Holy Smoke: The Contextual Use of Native American Ritual and Ceremony

Book, 2017, 130 pp
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Church argues that discipleship among Native peoples is best undertaken as a spiritual journey that has at its core biblical instruction and mentoring by individuals and families that model a lifestyle that reflects transformation in Jesus Christ. When accompanied by the 'contextual' use of Native rites such as the Sweat Lodge Ceremony, the Pipe Ceremony, and Powwow dancing and singing with the drum, participants who go through these 'rites of passage' experience an increased sense of spiritual well-being and self-esteem through this authentic Native expression of their Christian faith.

The book illustrates deep reflection and integration of biblical teaching in the preparation and practice of these Native rites, transforming the old embedded meanings of these rites, while retaining their distinctive familiarity for participants. Church shows how the integration of biblical instruction, the practice of a biblical lifestyle, and contextual sacred and ceremonial rites in alcohol recovery and family camp ministries have together led to recovery and spiritual development in Christ.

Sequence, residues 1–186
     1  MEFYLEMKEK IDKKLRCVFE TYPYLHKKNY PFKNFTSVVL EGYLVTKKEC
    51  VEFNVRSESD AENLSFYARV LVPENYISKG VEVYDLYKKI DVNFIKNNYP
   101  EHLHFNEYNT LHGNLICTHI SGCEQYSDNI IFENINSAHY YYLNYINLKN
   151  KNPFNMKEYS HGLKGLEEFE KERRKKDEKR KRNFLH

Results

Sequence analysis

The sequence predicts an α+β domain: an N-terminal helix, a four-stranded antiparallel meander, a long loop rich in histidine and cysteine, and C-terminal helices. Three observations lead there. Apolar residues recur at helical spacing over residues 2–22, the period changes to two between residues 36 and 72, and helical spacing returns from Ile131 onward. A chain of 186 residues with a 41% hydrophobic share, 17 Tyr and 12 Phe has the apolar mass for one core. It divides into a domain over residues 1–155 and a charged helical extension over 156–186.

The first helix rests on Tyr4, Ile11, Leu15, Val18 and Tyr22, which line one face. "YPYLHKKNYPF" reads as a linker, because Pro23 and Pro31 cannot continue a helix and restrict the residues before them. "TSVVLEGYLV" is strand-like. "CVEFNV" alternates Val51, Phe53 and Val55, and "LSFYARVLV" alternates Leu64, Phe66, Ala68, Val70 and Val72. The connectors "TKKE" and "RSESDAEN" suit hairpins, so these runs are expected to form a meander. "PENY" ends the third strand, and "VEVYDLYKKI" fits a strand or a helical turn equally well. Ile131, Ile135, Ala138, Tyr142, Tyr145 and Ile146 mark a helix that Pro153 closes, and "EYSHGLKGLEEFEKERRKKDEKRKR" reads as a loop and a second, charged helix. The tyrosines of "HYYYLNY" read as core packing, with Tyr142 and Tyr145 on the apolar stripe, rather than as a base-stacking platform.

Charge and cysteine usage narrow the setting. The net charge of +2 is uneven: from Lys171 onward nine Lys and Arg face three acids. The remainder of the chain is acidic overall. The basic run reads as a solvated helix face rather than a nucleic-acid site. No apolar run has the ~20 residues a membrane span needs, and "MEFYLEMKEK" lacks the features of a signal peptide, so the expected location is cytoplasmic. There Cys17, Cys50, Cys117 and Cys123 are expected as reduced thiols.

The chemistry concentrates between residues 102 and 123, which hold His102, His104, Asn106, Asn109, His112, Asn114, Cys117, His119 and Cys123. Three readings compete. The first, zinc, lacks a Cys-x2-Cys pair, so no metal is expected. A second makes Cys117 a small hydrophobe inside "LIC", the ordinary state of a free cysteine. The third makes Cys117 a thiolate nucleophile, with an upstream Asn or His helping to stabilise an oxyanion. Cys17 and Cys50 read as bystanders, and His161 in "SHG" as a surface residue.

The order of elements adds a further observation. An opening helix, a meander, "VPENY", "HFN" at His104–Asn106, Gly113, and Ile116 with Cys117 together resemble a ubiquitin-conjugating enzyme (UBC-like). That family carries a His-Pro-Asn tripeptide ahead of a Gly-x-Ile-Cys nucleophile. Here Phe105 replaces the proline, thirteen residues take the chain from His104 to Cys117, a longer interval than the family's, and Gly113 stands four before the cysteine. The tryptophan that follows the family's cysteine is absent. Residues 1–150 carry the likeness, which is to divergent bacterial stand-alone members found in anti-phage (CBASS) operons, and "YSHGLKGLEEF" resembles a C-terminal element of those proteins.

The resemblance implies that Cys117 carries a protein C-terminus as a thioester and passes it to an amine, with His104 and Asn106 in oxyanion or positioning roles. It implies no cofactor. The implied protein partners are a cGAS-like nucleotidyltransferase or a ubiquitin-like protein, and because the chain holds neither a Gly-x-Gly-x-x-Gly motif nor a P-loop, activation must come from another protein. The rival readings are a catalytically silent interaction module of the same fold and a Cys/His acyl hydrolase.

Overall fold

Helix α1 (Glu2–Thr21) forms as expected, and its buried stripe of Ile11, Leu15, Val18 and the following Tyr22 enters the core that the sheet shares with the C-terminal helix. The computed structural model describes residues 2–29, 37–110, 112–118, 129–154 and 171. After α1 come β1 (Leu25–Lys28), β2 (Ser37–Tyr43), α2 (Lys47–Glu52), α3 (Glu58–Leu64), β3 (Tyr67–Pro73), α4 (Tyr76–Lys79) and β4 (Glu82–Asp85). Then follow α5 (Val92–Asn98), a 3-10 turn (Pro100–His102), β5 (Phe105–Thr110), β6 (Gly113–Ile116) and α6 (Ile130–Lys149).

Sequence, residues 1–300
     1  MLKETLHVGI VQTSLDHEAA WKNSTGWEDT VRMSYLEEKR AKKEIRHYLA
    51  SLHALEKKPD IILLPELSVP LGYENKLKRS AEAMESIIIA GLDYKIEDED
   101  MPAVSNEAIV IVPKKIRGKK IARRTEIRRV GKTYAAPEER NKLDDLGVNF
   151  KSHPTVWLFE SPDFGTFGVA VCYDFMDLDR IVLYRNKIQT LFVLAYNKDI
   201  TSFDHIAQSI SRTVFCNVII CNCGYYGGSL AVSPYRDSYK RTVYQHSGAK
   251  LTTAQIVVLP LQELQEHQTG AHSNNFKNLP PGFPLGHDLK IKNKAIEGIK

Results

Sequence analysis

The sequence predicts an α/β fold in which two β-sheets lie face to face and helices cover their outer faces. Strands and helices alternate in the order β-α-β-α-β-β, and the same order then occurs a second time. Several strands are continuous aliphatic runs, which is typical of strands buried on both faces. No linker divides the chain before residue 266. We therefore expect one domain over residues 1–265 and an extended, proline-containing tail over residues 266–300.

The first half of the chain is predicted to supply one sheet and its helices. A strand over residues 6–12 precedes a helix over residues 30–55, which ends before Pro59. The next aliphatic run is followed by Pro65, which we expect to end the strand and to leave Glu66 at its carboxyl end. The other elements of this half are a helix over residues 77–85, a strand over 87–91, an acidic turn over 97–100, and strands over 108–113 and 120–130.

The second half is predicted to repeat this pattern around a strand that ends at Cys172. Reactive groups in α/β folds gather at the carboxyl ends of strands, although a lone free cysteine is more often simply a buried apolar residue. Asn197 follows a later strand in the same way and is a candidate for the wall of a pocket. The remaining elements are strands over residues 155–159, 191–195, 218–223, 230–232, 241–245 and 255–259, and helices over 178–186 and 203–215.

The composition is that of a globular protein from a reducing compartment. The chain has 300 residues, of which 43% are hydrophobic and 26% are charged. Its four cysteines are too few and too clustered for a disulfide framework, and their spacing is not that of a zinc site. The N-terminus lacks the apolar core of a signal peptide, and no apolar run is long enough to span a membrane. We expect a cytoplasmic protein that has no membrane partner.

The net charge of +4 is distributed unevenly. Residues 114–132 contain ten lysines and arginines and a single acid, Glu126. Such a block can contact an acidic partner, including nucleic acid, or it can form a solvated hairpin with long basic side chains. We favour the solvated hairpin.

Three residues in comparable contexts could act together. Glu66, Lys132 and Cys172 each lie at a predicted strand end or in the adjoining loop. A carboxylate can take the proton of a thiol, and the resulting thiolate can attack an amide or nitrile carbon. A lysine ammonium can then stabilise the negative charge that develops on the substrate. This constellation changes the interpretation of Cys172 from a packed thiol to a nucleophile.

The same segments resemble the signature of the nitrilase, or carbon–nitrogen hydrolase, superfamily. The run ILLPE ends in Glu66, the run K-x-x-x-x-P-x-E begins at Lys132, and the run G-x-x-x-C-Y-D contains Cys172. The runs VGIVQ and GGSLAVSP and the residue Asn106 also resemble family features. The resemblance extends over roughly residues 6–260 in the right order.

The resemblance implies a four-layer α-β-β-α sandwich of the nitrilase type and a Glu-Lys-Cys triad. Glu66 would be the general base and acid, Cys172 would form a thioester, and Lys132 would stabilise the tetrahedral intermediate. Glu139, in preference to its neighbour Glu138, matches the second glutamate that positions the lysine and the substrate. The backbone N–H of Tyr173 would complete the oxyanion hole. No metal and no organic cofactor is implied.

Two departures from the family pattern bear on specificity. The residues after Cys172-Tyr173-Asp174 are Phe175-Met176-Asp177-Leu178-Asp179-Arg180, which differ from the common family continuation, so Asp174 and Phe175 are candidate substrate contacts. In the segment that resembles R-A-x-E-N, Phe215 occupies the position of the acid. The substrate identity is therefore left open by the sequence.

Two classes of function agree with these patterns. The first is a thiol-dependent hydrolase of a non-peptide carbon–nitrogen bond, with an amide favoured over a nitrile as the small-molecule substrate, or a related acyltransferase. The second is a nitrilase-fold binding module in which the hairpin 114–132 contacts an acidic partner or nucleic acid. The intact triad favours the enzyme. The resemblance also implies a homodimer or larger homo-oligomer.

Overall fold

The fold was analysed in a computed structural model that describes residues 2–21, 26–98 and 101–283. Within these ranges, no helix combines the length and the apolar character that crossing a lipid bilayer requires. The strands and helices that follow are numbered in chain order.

We commend this book to anyone who has a serious commitment to making disciples in Native American communities.- Sherwood Lingenfelter, Senior Professor, and Judith Lingenfelter, Affiliate Professor, Fuller Theological Seminary, Pasadena, CA.

Also see other books in the Centre for Pentecostal Theology Native North American Contextual Movement Series.

"When we had our first national Native college student conference (Would Jesus Eat Frybread) in 2012, the most pressing questions students were asking was 'Can I be Native and Christian?' In 2016, it seems they are no longer asking 'Can I?' But 'How can I be Native and Christian?' In Holy Smoke, Church shares from his life experience - both personal and practical - in ways that will help young Natives who are striving to seek Jesus while honoring their cultures and traditions to answer this question for themselves." - Megan Murdock Krischke, Wyandotte Tribe of Oklahoma, National Native Ministry Coordinator for InterVarsity Christian Fellowship
PublisherCherohala Press

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